Well, the baby McLaren missed a great show. I hadn’t heard of Geez A Break Productions. I guess that’s us even, as they won’t have heard of me.

As a writer I’m interested in the use of language and storytelling. If you don’t know the story of Cinderella then your heid needs looking at. The Fairy Godmother speaks and sings in rhyme. Cinders, Buttons and the Ugly Sisters actors use Glasgow dialect. There are risqué jokes that aren’t much of a risk and singing and dancing. Over the years the wooden floor in the 543 has, no doubt, been barracked by stacks of people up dancing to The Sash and The Slosh, but I guess that’s the first time it’s been done with glittery magic shoes for the latter, and as a backdrop to being lost in the forest. And there was gies a Brecht in the best pantomime way as the performers addressed the audience directly. Oh, yes they did…Oh, no they didn’t. Oh, yes they did…

Costumes were terrific and the stage set perfect in its simplicity. My only gripe would be the use of microphones. I guess with quick costume changes and microphones attached to the collars might not be do-able on a small budget. But when The Fairy Godmother used her wand to magical effect so that Cinders could go to the ball was a show-stopping moment. With one shake of her hips Cinders had been converted from blonde, bright and beautiful with a great singing voice to blonde bright and beautiful with a great singing voice, but with a snazzy new blue dress on. A conjurer’s trick that was a delight to the eyes.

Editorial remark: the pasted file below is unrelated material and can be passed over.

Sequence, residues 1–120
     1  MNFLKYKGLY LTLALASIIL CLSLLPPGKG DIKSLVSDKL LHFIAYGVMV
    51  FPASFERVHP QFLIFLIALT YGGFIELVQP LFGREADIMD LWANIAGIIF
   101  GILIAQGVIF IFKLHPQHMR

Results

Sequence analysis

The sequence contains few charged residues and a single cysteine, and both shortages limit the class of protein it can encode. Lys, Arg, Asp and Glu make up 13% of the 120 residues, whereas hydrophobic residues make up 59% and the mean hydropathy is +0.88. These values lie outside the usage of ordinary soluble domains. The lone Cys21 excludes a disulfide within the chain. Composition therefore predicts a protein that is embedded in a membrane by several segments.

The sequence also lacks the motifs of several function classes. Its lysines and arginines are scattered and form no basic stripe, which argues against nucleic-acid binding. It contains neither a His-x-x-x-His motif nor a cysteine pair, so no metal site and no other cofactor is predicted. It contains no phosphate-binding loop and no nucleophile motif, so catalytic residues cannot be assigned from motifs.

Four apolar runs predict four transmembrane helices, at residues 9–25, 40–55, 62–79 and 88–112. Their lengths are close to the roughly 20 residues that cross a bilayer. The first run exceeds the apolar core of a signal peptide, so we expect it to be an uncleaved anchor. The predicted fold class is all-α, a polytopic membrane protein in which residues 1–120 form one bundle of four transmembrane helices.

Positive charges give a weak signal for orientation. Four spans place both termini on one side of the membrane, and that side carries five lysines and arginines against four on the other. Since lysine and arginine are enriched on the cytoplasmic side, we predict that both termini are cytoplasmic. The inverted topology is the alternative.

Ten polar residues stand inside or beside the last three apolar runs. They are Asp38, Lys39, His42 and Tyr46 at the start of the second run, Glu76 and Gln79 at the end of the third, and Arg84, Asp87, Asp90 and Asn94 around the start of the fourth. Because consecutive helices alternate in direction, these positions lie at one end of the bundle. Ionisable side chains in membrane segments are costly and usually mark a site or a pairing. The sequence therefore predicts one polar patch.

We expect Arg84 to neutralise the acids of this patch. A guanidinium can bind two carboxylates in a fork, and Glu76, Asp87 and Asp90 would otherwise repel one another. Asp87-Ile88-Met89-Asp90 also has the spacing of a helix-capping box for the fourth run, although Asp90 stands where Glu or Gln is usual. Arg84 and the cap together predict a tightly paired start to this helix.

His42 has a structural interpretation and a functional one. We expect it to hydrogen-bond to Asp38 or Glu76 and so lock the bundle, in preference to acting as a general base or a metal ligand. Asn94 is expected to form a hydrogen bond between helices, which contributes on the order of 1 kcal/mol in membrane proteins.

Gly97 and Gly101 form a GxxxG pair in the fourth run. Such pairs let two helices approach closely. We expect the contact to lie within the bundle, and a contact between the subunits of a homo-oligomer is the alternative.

But sometimes the unscripted makes things better. Susan, who got a bit caught up in the performance and thought Lavvy, one of the ugly sisters, was a bit of a bully. She responded to requests from Buttons that anyone wanted to try on the glittery slipper that we know is a match for only one foot by wandering on to the stage. Magically, it fitted her. And as we know Cinderella always finishes with the lived happily ever after anthem and married Prince Charming. The last time I was at the 543 it was dark, miserable and less than charming, there was a punch up outside. But that’s a Grimm’s story for other times, not guilty, your honour.